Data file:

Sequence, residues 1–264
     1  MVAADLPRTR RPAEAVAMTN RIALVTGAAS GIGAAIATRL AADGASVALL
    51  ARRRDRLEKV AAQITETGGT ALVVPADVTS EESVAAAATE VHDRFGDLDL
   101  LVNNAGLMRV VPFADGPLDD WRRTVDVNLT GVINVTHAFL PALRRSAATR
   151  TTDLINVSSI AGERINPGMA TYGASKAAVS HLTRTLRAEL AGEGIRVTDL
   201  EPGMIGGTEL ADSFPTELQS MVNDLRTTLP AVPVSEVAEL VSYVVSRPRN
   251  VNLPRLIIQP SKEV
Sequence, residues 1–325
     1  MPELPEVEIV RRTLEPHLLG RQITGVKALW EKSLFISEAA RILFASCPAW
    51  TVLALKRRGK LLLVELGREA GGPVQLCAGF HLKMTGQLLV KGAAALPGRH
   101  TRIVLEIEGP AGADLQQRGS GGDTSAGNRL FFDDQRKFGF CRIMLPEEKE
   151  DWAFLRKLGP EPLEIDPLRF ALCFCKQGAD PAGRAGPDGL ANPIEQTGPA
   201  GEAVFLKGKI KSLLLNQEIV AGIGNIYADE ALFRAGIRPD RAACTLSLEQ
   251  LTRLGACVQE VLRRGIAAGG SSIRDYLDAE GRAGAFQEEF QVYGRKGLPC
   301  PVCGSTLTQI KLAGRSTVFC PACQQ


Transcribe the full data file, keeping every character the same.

Sequence, residues 1–264
     1  MVAADLPRTR RPAEAVAMTN RIALVTGAAS GIGAAIATRL AADGASVALL
    51  ARRRDRLEKV AAQITETGGT ALVVPADVTS EESVAAAATE VHDRFGDLDL
   101  LVNNAGLMRV VPFADGPLDD WRRTVDVNLT GVINVTHAFL PALRRSAATR
   151  TTDLINVSSI AGERINPGMA TYGASKAAVS HLTRTLRAEL AGEGIRVTDL
   201  EPGMIGGTEL ADSFPTELQS MVNDLRTTLP AVPVSEVAEL VSYVVSRPRN
   251  VNLPRLIIQP SKEV
Sequence, residues 1–325
     1  MPELPEVEIV RRTLEPHLLG RQITGVKALW EKSLFISEAA RILFASCPAW
    51  TVLALKRRGK LLLVELGREA GGPVQLCAGF HLKMTGQLLV KGAAALPGRH
   101  TRIVLEIEGP AGADLQQRGS GGDTSAGNRL FFDDQRKFGF CRIMLPEEKE
   151  DWAFLRKLGP EPLEIDPLRF ALCFCKQGAD PAGRAGPDGL ANPIEQTGPA
   201  GEAVFLKGKI KSLLLNQEIV AGIGNIYADE ALFRAGIRPD RAACTLSLEQ
   251  LTRLGACVQE VLRRGIAAGG SSIRDYLDAE GRAGAFQEEF QVYGRKGLPC
   301  PVCGSTLTQI KLAGRSTVFC PACQQ